“That the MOD can seem complex and confusing is partly attributable to the variety of tasks we undertake, but another reason lies in the Department’s origins. Today’s MOD is a fusion of old ministries: from 1946 to 1964 there were five Departments of State doing what the unified MOD does now: the Admiralty, the War Office, the Air Ministry, the Ministry of Aviation and the Ministry of Defence itself. In 1964 the first three and the MOD were amalgamated, and the defence functions of the Ministry of Aviation Supply (as it had by then become) were absorbed in 1971, when the MOD took over responsibility for supplying military aircraft and guided weapons.”1
As noted above, the Royal Air Force (RAF) fell under the Air Ministry (AM). I didn’t bother to find out how far the AM survived into the 50's, “but you will certainly notice, that some WW2 watches are either marked AM 6B etc., or simply have the Arrow mark - Never both (?) At any rate, you will of course not see the AM mark on any of the IWC, or other 1950's genre of RAF pilot's watches (except for the 1956 'rebuild' series).”2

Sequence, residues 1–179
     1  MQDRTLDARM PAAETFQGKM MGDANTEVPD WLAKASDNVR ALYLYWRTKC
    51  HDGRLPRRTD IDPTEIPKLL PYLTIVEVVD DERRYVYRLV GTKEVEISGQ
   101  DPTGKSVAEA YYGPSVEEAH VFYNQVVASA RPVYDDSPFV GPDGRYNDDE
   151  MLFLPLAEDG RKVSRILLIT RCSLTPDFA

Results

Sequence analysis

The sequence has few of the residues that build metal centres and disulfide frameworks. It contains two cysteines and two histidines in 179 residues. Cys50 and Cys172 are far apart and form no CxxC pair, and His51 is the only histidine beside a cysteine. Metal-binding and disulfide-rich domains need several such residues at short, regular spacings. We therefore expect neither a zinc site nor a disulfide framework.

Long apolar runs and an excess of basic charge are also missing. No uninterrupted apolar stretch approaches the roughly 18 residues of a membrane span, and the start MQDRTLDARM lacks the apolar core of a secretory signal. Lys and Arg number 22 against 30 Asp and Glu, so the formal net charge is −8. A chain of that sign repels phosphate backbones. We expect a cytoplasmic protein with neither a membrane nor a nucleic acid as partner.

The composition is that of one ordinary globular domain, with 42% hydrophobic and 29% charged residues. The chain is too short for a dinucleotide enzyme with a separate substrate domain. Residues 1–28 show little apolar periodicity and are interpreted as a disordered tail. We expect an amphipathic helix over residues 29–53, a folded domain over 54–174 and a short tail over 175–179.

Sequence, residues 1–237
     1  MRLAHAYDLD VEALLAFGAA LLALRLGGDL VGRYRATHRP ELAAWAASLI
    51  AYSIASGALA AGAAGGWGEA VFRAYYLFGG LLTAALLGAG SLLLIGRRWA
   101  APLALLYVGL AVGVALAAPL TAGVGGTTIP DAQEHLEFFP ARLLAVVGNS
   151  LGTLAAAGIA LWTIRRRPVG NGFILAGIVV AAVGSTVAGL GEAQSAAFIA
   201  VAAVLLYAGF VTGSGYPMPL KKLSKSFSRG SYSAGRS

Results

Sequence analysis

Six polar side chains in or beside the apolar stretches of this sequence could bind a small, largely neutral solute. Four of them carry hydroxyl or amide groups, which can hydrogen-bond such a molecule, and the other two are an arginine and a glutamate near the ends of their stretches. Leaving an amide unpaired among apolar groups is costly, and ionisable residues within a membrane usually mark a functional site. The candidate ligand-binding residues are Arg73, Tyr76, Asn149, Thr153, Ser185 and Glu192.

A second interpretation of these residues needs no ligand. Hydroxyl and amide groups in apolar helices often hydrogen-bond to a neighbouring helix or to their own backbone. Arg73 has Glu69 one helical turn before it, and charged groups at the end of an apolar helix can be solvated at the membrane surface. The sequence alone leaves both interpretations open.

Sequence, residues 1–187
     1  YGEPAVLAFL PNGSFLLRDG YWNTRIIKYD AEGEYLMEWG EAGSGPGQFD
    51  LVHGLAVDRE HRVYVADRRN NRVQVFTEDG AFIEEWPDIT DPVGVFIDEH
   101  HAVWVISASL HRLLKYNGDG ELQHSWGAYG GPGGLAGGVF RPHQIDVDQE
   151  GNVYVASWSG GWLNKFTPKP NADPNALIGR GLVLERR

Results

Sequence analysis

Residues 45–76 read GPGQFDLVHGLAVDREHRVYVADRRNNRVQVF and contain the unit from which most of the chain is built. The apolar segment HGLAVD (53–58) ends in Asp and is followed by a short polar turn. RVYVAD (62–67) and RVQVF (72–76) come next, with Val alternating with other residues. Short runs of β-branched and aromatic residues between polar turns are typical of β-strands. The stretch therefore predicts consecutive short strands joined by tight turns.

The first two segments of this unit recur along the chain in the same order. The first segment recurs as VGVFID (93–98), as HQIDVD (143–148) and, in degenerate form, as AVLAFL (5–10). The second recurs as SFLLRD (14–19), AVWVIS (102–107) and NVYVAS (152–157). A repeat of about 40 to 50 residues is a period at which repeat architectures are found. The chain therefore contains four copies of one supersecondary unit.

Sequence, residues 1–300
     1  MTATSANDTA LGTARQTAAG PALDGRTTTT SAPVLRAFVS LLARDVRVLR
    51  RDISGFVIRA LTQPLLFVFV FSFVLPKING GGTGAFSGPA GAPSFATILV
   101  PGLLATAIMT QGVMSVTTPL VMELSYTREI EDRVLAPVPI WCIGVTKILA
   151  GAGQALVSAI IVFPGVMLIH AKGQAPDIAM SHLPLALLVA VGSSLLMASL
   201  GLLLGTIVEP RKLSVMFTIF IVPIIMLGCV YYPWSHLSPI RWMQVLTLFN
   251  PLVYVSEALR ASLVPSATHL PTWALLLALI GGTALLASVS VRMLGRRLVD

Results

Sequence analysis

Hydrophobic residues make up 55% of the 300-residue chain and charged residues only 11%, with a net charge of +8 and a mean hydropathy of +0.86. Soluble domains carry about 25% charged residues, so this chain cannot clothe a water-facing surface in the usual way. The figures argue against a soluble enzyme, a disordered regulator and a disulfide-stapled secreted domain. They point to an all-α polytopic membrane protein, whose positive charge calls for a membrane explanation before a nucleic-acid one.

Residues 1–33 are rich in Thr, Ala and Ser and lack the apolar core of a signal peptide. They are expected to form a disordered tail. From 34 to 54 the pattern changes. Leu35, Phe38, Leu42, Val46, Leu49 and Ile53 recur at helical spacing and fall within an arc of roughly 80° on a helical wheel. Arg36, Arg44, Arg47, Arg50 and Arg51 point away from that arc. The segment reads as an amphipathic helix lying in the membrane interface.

Goldsmiths & Silversmiths Co., Ltd:
This watch model was especially designed for the firm Goldsmiths & Silversmiths Co., Ltd in London. Goldsmiths & Silversmiths Co., Ltd (G&S) was a High Street jeweler with Royal Appointments. G&S did have premises in Regent Street, London W1. (In the 1950's or early 60's, G&S became Garrards.) G&S catered for the public as well as Royalty and Government sectors, and did supply the AM with clocks and watches, and likewise the RAF got hold of these through the AM.2